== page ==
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Directly Administered Antiretroviral Therapy (DAART) Among HIV-1infected Injecting Drug Users (IDUs) in Chennai, India (DAART+)

This study has been withdrawn prior to enrollment.
(No participants satisfied eligibility criteria and were enrolled into the study since July 2008.)
National Institute on Drug Abuse (NIDA)
Information provided by:
Johns Hopkins University Identifier:
First received: July 1, 2008
Last updated: April 14, 2015
Last verified: March 2009
Though the HIV epidemic in India is predominantly among heterosexual populations, it is estimated that there are approximately 1.1 million injection drug users (IDUs) in India with HIV prevalence as high as 64% among IDUs in certain cities. In April 2004, the government of India launched a free-antiretroviral therapy roll-out program aimed at initiating 100,000 persons on HAART. Similar guidelines are currently being followed for the delivery and choice of HAART for IDU and non-IDU populations. However, IDUs have certain issues that complicate the delivery of HAART that need to be addressed by delivery programs such as delayed access to care, poor perceived adherence, and more rapid disease progression. This proposal will assess the feasibility and effectiveness of directly administered antiretroviral therapy (DAART) in conjunction with opioid substitution as a mode of delivery of HAART to IDUs in Chennai, India. To evaluate this objective we will conduct a randomized controlled pilot study of DAART vs self-administered therapy (SAT) among 100 HIV-1 infected treatment naïve IDUs who are enrolled in an opioid substitution program in Chennai and compare the following outcomes between the two arms: Primary Endpoint: Proportion of participants with viral load (VL) <400 copies/ml at 24 and 48 weeks; Secondary Endpoints: (1) Incidence of mortality and AIDS-defining illnesses at 24 and 48 weeks, (2) Changes in absolute CD4+ count from baseline at 24 and 48 weeks, and (3) Incidence of antiretroviral drug resistance at 24 and 48 weeks. Intention-to-treat analyses will be used. The study objective is in line with the priority areas identified in the Indian National AIDS Control Program Phase III (NACP III) and the results of this study will help inform the government of India on appropriate modes of delivery of HAART to IDUs. This study will also be among the first studies to be conducted in India to evaluate two different modes of delivery of HAART to IDUs.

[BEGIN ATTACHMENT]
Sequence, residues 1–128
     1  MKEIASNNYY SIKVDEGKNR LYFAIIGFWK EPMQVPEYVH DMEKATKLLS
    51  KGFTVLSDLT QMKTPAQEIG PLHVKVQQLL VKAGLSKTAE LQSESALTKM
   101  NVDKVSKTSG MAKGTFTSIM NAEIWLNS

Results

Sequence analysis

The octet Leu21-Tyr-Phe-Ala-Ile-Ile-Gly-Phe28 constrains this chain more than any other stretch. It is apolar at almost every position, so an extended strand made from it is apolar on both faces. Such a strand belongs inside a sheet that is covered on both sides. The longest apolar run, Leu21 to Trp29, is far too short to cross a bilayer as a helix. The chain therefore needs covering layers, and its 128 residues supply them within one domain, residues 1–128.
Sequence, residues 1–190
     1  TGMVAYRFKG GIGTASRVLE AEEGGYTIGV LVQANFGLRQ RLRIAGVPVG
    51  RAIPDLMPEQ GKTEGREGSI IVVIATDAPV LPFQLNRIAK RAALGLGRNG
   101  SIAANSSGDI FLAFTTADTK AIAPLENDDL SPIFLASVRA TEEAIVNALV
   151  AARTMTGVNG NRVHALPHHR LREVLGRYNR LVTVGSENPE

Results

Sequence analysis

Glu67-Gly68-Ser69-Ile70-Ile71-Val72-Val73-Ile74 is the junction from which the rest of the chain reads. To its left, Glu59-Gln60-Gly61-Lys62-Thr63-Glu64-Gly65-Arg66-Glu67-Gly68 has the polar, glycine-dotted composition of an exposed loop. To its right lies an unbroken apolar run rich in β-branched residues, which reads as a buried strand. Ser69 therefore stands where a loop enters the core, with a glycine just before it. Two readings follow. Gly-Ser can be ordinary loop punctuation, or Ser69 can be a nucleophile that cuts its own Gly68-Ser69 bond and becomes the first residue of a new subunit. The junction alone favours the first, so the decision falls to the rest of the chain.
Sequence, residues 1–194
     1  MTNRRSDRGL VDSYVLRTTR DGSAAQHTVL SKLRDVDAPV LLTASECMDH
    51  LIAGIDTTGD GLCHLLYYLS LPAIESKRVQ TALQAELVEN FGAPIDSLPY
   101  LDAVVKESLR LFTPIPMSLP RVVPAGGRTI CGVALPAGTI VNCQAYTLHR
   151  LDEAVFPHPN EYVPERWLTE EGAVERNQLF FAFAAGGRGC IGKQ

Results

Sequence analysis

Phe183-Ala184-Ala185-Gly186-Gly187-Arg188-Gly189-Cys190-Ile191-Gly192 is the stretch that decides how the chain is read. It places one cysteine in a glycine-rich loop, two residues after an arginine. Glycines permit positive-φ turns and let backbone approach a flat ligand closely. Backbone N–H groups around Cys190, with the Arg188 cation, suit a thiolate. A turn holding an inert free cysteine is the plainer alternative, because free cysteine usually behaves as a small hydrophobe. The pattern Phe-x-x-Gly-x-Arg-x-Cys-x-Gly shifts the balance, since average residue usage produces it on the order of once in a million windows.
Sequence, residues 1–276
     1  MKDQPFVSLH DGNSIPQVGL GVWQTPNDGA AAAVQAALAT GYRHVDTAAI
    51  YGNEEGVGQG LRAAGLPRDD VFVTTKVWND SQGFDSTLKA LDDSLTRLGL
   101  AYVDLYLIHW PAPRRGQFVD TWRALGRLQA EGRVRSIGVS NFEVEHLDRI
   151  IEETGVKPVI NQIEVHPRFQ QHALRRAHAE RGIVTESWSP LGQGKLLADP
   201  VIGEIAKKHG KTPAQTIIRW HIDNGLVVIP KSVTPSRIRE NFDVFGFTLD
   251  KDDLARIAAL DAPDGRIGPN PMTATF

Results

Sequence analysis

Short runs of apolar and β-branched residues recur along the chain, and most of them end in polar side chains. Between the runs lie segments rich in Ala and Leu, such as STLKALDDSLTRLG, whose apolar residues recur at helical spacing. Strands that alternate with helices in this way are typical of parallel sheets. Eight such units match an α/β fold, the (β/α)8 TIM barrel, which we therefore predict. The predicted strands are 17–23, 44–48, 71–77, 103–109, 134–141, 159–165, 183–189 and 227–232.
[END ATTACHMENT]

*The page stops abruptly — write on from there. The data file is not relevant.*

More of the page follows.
Condition Intervention Phase
HIV Infections
Heroin Dependence
Behavioral: Directly Administered Antiretroviral Therapy (DAART)
Behavioral: SAT
Phase 2
Phase 3

Study Type: Interventional
Study Design: Allocation: Randomized
Intervention Model: Parallel Assignment
Masking: Open Label
Primary Purpose: Treatment
Official Title: Evaluating the Role of Directly Administered Antiretroviral Therapy (DAART) in Conjunction With Opiate Substitution in Delivery of Highly Active Antiretroviral Therapy to HIV-1-infected Injecting Drug Users (IDUs) in Chennai, India

Resource links provided by NLM:

Further study details as provided by Johns Hopkins University:

Primary Outcome Measures:
  • HIV RNA < 400 copies/ml [ Time Frame: 48 weeks ]

Secondary Outcome Measures:
  • Incidence of mortality and/or AIDS-defining illnesses [ Time Frame: 48 weeks ]
  • Change in absolute CD4+ count from baseline [ Time Frame: 48 weeks ]
  • Incidence of antiretroviral drug resistance [ Time Frame: 48 weeks ]

Enrollment: 0